|Publication number||US9442924 B2|
|Application number||US 14/974,768|
|Publication date||13 Sep 2016|
|Filing date||18 Dec 2015|
|Priority date||20 Oct 2011|
|Also published as||US9244902, US20130144596, US20160103826|
|Publication number||14974768, 974768, US 9442924 B2, US 9442924B2, US-B2-9442924, US9442924 B2, US9442924B2|
|Inventors||Bigi Lui, Danica Milosevic Brinton, Eric Matsumura, John Huan Vu|
|Original Assignee||Zynga Inc.|
|Export Citation||BiBTeX, EndNote, RefMan|
|Patent Citations (33), Non-Patent Citations (7), Classifications (8), Legal Events (1)|
|External Links: USPTO, USPTO Assignment, Espacenet|
This application is a continuation of U.S. patent application Ser. No. 13/348,542, filed on Jan. 11, 2012, which claims priority to U.S. Provisional Patent Application No. 61/549,553 filed Oct. 20, 2011, the benefit of priority of each of which is claimed hereby, and each of which is incorporated by reference herein in its entirety.
The present disclosure relates to application frameworks in general, and in particular embodiments, to application localization frameworks.
Computer software or applications that interact with users often displays graphical information, including text, to facilitate the interaction. The code responsible for generating text in such an application includes specification of text strings, e.g., specifying the exact text to be displayed to the user. The text strings are typically authored in a human language, such as English. When the application will be deployed to non-English speaking users, the application is typically not rewritten in its entirety. Instead, the application is adapted to a new human language, taking into account regional differences and other particularities of the new language. For example, Spanish has gender-specific grammar not found in English. The English language text strings in the application may be translated to the new language so that the displayed text appears “local” or native to the new group of users. This process of adapting an application to different human languages is known as “localization.”
Localization of an application is typically a separate process from application development or original authoring of the application. This is also true for localization of application updates over time. Localization tends to be a separate task for a number of reasons. For one thing, it may not be apparent during application development or original authoring of the application whether the application will be marketed in more than one country or necessarily in which countries. Due to this uncertainty, there is little incentive to initially code text strings included in the application in more than one language. Additionally, localization tends to be a complex, time consuming, and manual process. It would be better for developers to direct their efforts toward application development and original authoring of the application rather than on ancillary tasks such as localization.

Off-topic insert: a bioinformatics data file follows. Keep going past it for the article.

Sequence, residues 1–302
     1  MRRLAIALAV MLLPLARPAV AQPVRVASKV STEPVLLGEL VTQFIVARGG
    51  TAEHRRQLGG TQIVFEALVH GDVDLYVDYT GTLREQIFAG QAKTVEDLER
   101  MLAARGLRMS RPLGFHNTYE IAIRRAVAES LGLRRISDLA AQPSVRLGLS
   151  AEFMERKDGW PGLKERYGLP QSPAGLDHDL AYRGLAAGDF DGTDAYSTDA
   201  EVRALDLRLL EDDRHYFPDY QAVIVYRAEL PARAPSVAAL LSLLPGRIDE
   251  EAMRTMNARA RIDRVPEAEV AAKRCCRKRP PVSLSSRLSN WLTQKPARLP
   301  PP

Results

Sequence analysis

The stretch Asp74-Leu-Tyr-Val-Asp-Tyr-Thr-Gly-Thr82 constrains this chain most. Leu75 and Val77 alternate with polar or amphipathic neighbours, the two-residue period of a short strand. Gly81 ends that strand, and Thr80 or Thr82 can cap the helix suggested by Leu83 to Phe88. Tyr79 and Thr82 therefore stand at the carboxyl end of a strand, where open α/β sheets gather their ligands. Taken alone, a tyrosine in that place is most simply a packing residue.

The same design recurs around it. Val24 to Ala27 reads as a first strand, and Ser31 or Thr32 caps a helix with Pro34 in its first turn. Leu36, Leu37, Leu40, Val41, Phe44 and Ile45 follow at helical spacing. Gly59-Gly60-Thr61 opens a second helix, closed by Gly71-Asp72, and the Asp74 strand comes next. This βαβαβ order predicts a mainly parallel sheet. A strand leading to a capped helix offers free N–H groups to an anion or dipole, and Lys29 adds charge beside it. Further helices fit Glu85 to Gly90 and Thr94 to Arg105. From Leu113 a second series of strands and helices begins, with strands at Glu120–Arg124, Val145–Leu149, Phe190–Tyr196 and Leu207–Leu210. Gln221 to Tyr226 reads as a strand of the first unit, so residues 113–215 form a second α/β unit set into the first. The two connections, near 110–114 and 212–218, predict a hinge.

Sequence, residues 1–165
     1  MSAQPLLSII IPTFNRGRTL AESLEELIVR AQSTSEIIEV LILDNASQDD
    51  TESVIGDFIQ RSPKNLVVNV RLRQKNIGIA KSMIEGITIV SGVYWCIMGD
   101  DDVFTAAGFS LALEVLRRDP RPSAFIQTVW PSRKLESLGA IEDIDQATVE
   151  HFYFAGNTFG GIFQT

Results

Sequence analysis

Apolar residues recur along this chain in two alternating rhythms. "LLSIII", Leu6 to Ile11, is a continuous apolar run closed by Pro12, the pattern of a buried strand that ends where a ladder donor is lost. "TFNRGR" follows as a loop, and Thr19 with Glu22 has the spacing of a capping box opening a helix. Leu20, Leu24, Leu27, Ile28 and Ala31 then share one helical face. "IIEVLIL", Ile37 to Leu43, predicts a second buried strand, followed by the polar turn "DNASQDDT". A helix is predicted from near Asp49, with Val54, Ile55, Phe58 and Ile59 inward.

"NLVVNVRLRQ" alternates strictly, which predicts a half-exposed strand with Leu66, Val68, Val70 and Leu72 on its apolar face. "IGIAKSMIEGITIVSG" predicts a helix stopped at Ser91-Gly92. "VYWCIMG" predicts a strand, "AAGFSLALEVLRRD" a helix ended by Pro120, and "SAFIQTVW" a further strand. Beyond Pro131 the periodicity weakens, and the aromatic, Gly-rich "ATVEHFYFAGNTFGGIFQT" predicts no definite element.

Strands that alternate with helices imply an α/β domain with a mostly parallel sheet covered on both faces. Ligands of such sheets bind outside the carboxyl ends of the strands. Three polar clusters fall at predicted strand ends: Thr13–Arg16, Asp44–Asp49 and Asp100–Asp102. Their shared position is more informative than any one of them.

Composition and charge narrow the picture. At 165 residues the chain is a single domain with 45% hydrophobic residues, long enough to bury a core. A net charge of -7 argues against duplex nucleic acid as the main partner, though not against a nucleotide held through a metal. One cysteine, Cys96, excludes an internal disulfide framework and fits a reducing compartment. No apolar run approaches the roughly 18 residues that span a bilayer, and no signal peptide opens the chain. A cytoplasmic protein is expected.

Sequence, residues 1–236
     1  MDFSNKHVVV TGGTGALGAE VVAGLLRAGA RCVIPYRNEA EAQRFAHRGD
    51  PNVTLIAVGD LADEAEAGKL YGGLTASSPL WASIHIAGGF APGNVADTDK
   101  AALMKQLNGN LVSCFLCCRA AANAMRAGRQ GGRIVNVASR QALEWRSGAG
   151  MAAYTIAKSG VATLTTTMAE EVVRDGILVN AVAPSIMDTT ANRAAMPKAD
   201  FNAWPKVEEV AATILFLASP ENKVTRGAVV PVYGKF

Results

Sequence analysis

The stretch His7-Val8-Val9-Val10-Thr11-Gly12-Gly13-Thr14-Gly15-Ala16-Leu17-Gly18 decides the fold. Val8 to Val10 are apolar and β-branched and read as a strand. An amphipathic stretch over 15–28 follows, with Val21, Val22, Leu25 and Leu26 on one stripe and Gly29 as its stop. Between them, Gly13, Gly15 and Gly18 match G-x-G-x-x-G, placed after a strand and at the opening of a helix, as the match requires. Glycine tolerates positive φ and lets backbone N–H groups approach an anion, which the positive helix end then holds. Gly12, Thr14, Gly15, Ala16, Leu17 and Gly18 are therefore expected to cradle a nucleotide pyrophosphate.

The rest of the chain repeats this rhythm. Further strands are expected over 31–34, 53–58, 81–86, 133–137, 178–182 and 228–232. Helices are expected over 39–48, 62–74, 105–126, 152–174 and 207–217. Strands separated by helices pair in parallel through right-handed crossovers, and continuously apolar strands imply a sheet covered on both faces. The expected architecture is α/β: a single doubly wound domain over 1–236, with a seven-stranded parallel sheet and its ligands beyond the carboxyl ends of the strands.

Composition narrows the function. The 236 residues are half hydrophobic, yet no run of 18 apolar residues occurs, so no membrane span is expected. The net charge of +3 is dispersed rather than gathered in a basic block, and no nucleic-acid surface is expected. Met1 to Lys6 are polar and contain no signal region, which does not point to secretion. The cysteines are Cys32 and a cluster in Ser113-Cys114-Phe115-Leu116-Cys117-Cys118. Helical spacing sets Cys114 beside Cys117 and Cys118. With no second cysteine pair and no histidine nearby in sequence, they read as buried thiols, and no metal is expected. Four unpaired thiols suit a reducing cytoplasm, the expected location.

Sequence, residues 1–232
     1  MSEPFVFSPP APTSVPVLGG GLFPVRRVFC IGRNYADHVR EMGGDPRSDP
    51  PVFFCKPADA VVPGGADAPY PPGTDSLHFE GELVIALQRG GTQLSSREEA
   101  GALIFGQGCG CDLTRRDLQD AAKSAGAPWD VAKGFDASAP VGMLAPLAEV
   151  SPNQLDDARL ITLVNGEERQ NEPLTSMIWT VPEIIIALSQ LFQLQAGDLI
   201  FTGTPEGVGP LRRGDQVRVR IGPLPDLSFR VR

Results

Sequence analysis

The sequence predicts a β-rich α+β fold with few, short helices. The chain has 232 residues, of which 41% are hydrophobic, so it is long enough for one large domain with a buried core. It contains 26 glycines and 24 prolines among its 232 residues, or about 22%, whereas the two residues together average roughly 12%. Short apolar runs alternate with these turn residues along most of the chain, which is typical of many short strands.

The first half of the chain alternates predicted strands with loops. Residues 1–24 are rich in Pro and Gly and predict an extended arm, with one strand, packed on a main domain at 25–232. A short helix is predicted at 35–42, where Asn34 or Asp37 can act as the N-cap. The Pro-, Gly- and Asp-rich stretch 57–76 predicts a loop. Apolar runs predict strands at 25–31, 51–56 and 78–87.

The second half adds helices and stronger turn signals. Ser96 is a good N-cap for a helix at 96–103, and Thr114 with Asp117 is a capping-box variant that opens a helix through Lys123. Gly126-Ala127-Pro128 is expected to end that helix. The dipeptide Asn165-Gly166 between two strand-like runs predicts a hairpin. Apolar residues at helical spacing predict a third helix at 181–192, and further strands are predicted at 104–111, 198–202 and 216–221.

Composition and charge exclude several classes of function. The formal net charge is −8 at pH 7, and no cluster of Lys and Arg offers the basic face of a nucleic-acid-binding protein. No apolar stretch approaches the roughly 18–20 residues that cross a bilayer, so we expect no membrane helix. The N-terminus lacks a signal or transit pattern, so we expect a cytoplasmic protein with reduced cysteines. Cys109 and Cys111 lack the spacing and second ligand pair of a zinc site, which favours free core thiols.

Localization of an application typically occurs during runtime, and more particularly, on an as-needed basis, based on the particular interaction with a user. If, for example, the user interacts with the application in such a way that only non-textual information is presented to the user, then localization may not be necessary since the displayed information is not language-specific. On the other hand, if the user interacts with the same application in such a way that textual information must be presented to the user, then localization permits the particular textual information to be displayed to be properly translated text so as to be understandable by the user. Text strings within the application are identified and translated by human translators ahead of time; such translations are then accessed, as needed, during localization for display to the user.
Given the complexity of localizing even a single instance of an application, the complexity can be exponential when the application provides a large amount of textual information to each user, there are a large number of instances of the application running at the same time, the application supports multiple languages, there are frequent updates to the application, the application is being pre-processed to localize for the first time in a new language, and/or the number of users is ever increasing.
Some embodiments are illustrated by way of example and not limitations in the figures of the accompanying drawings, in which:
The headings provided herein are for convenience only and do not necessarily affect the scope or meaning of the claimed invention.
The following description is presented to enable any person skilled in the art to create and use a computer system configuration and related method and article of manufacture to continually and intelligently localize applications. In some embodiments, a localization framework is configured to handle legacy application code base, dynamic text contained within an application code base, and which automatically identifies the currently used portions of an application code base based on user page visits, thereby providing prioritization for efficient translation workload. Various modifications to the preferred embodiments will be readily apparent to those skilled in the art, and the generic principles defined herein may be applied to other embodiments and applications without departing from the spirit and scope of the invention. Moreover, in the following description, numerous details are set forth for the purpose of explanation. However, one of ordinary skill in the art will realize that the invention may be practiced without the use of these specific details. In other instances, well-known structures and processes are shown in block diagram form in order not to obscure the description of the invention with unnecessary detail. Thus, the present invention is not intended to be limited to the embodiments shown, but is to be accorded the widest scope consistent with the principles and features disclosed herein.